Shakespeare, W - Much Ado About Nothing (Arden, 2006).pdf

But then he begins again this time even more

Info icon This preview shows pages 90–93. Sign up to view the full content.

But then he begins again, this time even more specifically: 'Rich she shall be . . . ' (28-9). The 'continuer' features of the style are harnessed here to paint a mind irresistibly returning to a closed subject with a moth's attraction to a flame, so that the length of Benedick's argument simultaneously sustains and undermines his conviction. At the beginning of the speech Benedick is perplexed by the notion of a soldier in love, but by the end he is contemplat- ing the colour of her hair, so that the audience begins to anticipate (if it hasn't already concluded) that Benedick himself might 'become the argument of his own scorn by falling in love' (11-12). Shakespeare's prose conjures a mind divided despite itself. The agonistic aspect of euphuism's verbal one-upmanship is evident most clearly in dialogue rather than soliloquy, such as the 68
Image of page 90

Info icon This preview has intentionally blurred sections. Sign up to view the full version.

Introduction first exchange between Beatrice and Benedick (also a disavowal of love): BENEDICK What, my dear Lady Disdain! Are you yet living? BEATRICE Is it possible Disdain should die, while she hath such meet food to feed it as Signor Benedick? 115 Courtesy itself must convert to Disdain if you come in her presence. BENEDICK Then is Courtesy a turncoat. But it is certain I am loved of all ladies, only you excepted; and I would I could find in my heart that I had not a hard heart, for 120 truly I love none. BEATRICE A dear happiness to women - they would else have been troubled with a pernicious suitor. I thank God and my cold blood, I am of your humour for that: I had rather hear my dog bark at a crow, than a man 125 swear he loves me. BENEDICK God keep your ladyship still in that mind, so some gentleman or other shall scape a predestinate scratched face. BEATRICE Scratching could not make it worse, an 'twere 130 such a face as yours were. BENEDICK Well, you are a rare parrot-teacher. BEATRICE A bird of my tongue is better than a beast of yours. BENEDICK I would my horse had the speed of your 135 tongue, and so good a continuer. But keep your way, o'God's name; I have done. BEATRICE You always end with a jade's trick; I know you of old. (1.1.112-39) This exchange is always greeted with delight in the theatre; it contains the first shots across the respective bows. As Brian 69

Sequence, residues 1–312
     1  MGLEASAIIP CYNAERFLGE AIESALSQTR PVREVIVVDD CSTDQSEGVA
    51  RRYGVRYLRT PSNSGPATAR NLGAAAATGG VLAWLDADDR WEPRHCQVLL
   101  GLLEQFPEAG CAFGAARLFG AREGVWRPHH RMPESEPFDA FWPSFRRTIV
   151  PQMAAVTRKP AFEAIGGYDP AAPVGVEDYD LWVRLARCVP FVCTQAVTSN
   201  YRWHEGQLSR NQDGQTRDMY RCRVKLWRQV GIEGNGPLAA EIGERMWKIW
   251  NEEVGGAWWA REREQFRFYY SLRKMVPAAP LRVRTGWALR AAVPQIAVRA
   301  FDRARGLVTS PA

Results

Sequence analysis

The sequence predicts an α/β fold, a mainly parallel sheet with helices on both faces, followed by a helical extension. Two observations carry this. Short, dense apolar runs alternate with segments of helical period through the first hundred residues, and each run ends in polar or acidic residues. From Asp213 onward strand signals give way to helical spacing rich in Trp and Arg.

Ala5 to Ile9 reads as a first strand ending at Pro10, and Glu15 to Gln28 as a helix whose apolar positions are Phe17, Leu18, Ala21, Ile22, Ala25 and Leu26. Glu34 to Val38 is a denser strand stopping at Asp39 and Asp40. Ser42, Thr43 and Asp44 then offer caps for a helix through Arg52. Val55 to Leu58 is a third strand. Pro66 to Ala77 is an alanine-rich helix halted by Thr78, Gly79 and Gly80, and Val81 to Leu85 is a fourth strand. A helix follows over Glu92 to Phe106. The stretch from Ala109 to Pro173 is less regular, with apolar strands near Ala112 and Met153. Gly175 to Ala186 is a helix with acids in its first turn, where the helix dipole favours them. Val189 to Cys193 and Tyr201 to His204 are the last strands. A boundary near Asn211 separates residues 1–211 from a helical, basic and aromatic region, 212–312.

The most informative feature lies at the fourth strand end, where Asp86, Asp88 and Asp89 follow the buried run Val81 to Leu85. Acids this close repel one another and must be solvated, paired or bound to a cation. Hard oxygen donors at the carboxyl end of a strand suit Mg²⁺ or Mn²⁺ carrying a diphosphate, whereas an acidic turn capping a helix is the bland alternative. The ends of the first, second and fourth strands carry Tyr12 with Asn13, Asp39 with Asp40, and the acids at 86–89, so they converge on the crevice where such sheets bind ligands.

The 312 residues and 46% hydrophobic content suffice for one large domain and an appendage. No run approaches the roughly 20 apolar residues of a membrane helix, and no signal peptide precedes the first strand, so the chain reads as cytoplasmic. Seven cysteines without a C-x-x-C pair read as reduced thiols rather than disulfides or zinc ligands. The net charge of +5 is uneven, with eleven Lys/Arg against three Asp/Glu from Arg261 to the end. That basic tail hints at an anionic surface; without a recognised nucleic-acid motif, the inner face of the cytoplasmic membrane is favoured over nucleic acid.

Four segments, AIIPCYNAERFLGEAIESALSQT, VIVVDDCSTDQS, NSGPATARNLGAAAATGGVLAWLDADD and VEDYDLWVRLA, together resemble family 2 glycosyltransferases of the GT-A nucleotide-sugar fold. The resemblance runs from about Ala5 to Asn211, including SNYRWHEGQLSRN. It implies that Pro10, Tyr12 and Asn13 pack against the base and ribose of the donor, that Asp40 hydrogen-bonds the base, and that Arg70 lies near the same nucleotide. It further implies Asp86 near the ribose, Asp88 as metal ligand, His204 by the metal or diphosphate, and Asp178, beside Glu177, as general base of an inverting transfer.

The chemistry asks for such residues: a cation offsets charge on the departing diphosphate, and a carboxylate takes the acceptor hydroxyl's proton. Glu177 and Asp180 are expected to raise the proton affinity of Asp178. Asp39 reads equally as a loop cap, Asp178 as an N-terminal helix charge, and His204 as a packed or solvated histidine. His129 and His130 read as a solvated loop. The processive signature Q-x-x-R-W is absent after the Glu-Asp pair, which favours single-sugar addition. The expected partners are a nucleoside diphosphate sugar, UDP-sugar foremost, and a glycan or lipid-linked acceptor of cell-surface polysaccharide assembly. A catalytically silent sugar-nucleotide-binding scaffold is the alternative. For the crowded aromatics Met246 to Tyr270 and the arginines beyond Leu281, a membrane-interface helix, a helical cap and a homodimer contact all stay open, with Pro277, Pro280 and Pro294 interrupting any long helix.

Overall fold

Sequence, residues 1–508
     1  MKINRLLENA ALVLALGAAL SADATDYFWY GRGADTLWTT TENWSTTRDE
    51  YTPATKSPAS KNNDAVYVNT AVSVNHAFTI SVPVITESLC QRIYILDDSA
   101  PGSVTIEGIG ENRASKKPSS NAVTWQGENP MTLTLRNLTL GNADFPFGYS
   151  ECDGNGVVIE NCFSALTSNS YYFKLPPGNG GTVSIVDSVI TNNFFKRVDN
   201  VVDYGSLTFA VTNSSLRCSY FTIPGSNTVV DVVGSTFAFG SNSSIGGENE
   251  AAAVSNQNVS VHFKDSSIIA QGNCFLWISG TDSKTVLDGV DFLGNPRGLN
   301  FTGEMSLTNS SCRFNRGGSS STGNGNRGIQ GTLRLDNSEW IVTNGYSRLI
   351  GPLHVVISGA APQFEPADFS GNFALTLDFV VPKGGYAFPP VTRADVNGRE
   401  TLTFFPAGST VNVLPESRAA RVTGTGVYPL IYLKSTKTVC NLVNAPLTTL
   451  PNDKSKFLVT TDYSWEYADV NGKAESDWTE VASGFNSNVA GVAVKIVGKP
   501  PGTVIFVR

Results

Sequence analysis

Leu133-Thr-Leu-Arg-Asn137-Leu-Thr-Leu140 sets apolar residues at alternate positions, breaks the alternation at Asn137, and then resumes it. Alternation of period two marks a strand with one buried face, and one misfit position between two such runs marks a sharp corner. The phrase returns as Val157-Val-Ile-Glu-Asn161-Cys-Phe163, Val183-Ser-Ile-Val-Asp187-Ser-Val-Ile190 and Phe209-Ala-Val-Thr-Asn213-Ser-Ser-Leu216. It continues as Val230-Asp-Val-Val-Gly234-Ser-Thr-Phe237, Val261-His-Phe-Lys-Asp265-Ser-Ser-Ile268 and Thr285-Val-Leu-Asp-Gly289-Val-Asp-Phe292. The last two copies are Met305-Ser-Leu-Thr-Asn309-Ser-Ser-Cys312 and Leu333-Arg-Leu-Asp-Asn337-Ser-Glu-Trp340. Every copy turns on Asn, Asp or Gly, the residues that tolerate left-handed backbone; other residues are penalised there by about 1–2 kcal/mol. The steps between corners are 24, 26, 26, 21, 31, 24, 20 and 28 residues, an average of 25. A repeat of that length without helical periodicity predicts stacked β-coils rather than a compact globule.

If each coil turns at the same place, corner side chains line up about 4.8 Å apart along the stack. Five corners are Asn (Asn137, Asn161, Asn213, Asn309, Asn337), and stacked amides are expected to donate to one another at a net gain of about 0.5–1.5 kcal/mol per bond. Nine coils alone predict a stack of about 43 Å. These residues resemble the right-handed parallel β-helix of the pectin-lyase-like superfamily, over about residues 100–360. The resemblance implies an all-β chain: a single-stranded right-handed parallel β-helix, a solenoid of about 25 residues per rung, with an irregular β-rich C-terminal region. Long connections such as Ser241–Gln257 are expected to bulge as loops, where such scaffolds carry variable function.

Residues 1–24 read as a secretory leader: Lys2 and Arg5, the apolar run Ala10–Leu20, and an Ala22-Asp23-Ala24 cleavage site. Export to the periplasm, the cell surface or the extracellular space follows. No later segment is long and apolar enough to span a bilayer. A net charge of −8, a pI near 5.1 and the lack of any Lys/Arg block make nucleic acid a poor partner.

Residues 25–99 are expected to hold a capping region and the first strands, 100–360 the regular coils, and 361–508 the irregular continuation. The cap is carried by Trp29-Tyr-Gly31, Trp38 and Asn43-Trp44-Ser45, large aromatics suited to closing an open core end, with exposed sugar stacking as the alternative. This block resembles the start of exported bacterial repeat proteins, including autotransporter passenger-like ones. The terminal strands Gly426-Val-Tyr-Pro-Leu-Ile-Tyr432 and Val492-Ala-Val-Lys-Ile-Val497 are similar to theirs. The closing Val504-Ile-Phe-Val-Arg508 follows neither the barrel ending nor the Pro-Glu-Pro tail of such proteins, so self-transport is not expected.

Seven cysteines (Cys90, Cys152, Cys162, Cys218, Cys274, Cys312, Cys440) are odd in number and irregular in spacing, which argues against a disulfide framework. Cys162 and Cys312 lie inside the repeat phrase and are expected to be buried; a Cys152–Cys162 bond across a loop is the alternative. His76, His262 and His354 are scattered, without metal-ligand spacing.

Image of page 91
Introduction Vickers comments, 'repartee is more than a linguistic device here: to Beatrice and Benedick it is a way of life, a mutual witty antagonism which has evidently long continued and seems destined to go on' (Vickers, 176). Here, instead of a speaker punning upon his own terms, the contest of antagonists personifies and animates the push-and-pull features of euphuism's internal debate. Words of one speaker are taken and turned by the other, returned inverted or askew, transported, and otherwise perverted. Puns are crucial. Shakespeare moves here beyond the polished, patterned verse of plays like Love's Labour's Lost towards a more improvisational and realistic repartee, which, while it may commence as elegant twists and turns, degenerates into little more than name-calling, as both speakers strain to sustain the rally.
Image of page 92

Info icon This preview has intentionally blurred sections. Sign up to view the full version.

Image of page 93
This is the end of the preview. Sign up to access the rest of the document.

{[ snackBarMessage ]}

What students are saying

  • Left Quote Icon

    As a current student on this bumpy collegiate pathway, I stumbled upon Course Hero, where I can find study resources for nearly all my courses, get online help from tutors 24/7, and even share my old projects, papers, and lecture notes with other students.

    Student Picture

    Kiran Temple University Fox School of Business ‘17, Course Hero Intern

  • Left Quote Icon

    I cannot even describe how much Course Hero helped me this summer. It’s truly become something I can always rely on and help me. In the end, I was not only able to survive summer classes, but I was able to thrive thanks to Course Hero.

    Student Picture

    Dana University of Pennsylvania ‘17, Course Hero Intern

  • Left Quote Icon

    The ability to access any university’s resources through Course Hero proved invaluable in my case. I was behind on Tulane coursework and actually used UCLA’s materials to help me move forward and get everything together on time.

    Student Picture

    Jill Tulane University ‘16, Course Hero Intern